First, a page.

TO THE EDITOR: Alter et al. address an important question regarding mediating factors that potentially account for the contribution of socioeconomic status (SES) to health care disparities (1). Given the potential social and political implications of these results, careful consideration should be given to several key issues limiting the authors' interpretations, however. First, it has been previously suggested that SES is a multidimensional construct. While operational definitions are numerous, most incorporate aspects of educational attainment, occupation, and social class. Use of self-reported income as a single measure to represent this construct therefore has the potential to markedly reduce strength of the intended "signal" and thus under-estimate its association with the outcome of interest (2). Second, exclusion criteria applied in this study also have the potential to further attenuate an association between SES and mortality and introduce bias. The authors observe, for example, that patients with lower income had a significantly higher prevalence of cardiac risk factors and were less likely to receive specialty care. Eliminating patients dying within 24 hours of admission or those with "very severe illness", therefore, has the effect of removing patients with the greatest "exposure" to the potential health effects of socioeconomic status. In short, we find the work by Alter et al. potentially informative, yet failure to attend to the multi-dimensional nature of SES leads us to conclude that they may have under-represented the importance of this construct on health. References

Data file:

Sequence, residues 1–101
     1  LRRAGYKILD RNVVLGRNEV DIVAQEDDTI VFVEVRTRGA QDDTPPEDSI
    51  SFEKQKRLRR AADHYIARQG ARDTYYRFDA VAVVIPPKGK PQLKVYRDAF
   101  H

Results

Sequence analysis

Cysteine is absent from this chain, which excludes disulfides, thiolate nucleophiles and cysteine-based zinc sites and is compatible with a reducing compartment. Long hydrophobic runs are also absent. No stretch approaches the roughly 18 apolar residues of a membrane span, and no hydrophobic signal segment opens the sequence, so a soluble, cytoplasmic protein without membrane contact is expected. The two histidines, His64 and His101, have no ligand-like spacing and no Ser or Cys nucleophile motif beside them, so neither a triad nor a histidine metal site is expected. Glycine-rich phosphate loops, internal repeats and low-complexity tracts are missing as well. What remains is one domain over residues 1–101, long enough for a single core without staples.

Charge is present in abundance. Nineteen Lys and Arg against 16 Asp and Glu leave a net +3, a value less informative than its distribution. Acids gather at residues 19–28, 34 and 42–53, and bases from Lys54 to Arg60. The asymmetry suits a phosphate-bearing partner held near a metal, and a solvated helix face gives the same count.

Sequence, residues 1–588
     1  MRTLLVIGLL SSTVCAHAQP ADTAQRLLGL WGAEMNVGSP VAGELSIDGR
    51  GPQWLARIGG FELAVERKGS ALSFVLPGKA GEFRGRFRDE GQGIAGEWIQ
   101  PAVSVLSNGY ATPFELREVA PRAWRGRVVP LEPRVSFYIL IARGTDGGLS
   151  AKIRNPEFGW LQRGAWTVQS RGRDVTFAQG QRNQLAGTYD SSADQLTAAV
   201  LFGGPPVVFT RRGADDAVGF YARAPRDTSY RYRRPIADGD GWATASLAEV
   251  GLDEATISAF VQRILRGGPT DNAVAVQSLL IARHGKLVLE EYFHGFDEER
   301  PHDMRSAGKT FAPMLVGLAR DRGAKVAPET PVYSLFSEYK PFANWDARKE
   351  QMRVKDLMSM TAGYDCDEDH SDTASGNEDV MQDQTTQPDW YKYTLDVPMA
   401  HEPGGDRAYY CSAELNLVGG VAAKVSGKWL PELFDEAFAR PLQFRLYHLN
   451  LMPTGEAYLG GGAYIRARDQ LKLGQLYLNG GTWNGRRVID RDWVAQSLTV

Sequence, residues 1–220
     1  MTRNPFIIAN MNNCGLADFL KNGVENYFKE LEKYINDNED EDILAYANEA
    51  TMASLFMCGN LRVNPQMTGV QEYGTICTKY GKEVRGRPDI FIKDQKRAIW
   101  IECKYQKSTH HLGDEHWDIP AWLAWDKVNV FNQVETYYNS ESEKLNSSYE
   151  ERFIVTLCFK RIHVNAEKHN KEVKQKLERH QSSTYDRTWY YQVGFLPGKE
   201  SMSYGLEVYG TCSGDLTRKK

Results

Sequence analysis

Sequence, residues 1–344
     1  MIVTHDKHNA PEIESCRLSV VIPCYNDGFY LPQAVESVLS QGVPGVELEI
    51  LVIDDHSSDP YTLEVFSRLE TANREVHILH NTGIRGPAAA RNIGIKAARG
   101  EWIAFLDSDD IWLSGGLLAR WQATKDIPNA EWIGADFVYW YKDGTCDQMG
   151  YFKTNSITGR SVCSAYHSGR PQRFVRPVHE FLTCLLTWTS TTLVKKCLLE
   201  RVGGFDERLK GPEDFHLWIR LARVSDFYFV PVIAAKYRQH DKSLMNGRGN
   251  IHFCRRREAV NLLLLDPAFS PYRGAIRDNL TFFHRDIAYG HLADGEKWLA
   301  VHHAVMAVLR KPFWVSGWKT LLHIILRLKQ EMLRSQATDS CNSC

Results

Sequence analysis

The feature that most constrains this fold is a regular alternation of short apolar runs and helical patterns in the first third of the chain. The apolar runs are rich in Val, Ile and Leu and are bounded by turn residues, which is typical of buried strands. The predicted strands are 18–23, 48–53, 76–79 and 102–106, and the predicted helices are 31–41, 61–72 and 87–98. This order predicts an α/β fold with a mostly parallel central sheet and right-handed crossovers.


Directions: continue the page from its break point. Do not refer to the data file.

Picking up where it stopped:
1. Alter DA, Chong A, Austin PC, et al. Socioeconomic status and mortality after acute myocardial infarction. Ann Intern Med. 2006;144(2):82-93.

2. Kaplan GA, Keil JE. Socioeconomic factors and cardiovascular disease: a review of the literature. Circulation. 1993;88(4 Pt 1):1973-98.

Conflict of Interest:

None declared

Reference Letter#: L06-0111
Posted on March 13, 2006
David A. Alter
Institute for Clinical Evaluative Sciences
Conflict of Interest: None Declared